We came up with the idea for Space Polyglot when we discovered a learning method that enabled people to memorize up to 1,000 French words and phrases in a few hours. The results were astonishing.
Sofia, Bulgaria (PRWEB) October 19, 2016
Space Polyglot, which uses space travel as a backdrop and builds on a proven methodology that allows people to quickly learn a foreign language and have fun at the same time, has just been launched on the crowdfunding website Kickstarter.
“We came up with the idea for Space Polyglot when we discovered Suggestopedia - a learning method developed by renowned Bulgarian scientist and professor Dr. Georgi Lozanov that helped people memorize languages effortlessly using unintentional learning,” said Nikolay Shindarov, co-creator of Space Polyglot and CEO of WitNut. “Using this learning method, people were able to memorize up to 1,000 French words and phrases in a few hours. The results were astonishing.”
After deeply analyzing Suggestopedia, the United Nations Organization for Education, Science and Culture (UNESCO) wrote a report describing it as a “superior teaching method for many subjects and for many types of students compared with traditional methods.”
Shindarov and his team have modernized the concept for today’s generation – creating Space Polyglot in the process.
Space Polyglot is a mobile app that uses special psychological strategies in a video game environment to help people memorize foreign words and phrases. Players will begin their journey on Earth and, upon completing each level of play, eventually end up traveling to Pluto. Users just choose their native language, the language they want to learn and select either the ‘learn’ or ‘challenge’ mode.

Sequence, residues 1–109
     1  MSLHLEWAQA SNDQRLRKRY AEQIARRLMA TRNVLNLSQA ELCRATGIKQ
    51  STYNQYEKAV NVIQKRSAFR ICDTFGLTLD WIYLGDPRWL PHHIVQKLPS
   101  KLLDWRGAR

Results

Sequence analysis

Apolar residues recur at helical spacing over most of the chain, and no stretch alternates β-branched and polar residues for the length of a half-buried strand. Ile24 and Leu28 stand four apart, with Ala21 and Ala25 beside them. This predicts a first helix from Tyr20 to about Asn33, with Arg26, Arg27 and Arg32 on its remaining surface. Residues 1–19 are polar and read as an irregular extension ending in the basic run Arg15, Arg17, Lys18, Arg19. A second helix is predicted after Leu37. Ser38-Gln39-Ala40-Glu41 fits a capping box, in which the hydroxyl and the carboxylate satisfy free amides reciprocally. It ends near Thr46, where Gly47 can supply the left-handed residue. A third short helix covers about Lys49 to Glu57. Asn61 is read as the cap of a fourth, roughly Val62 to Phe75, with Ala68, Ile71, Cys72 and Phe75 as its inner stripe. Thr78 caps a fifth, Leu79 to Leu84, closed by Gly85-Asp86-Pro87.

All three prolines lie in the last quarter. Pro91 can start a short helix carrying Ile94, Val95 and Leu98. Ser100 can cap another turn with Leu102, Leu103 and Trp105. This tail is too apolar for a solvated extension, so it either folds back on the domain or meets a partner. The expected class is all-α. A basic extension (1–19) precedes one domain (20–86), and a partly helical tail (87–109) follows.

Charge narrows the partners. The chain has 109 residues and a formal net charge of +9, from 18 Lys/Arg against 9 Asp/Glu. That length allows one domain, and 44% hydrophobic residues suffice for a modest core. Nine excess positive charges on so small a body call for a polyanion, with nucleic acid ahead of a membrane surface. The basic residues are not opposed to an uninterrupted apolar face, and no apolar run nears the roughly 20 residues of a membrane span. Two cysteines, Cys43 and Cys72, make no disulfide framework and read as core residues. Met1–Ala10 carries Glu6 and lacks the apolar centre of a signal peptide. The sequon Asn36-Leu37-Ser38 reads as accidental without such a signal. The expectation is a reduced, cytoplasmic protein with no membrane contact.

Target languages available on the Space Polyglot demo version, which just covers planet Earth during the Kickstarter Campaign, include Spanish, German, French, Russian, Bulgarian and English – with campaign backers given the opportunity to choose the languages to be added on the final game release.
“While there are many educational apps out there, Space Polyglot is different,” Shindarov said. “Users fly to different planets while avoiding meteorite crashes, listening to Mozart and hitting words with their spaceship – all the while without making any effort to memorize anything. By the end of their journey to Pluto, they’ll find they already know up to 1,000 foreign words and phrases.”
Visitors to the Space Polyglot Kickstarter Page can download for free demos of the game for Android and iPhone.
Also, as a special ‘surprise,’ Witnut’s team will offer the Space Polyglot Card Game for people who back the campaign – a one-time offer only available during initial crowdfunding. Playing cards with specially designed artwork, featuring crazy creatures were drawn solely for that purpose. The decks are available in English and Spanish, so even people who are not keen on languages can still support the project and enjoy the card game.
“We believe that this simple game could lay the foundation for a whole new era of learning, one where education will be fun, effortless, fast and efficient,” Shindarov said.
Exclusive Space Polyglot packages with all languages are available at special early-bird prices during crowdfunding along with the card game. To purchase or find out more, visit the Space Polyglot Kickstarter Campaign Page.
Founded in Sofia, Bulgaria in 2016, WitNut’s mission is to change the way people study by making it more effective and more fun at the same time - using an approach that will facilitate new learning methods. For more information, visit http://www.witnut.com.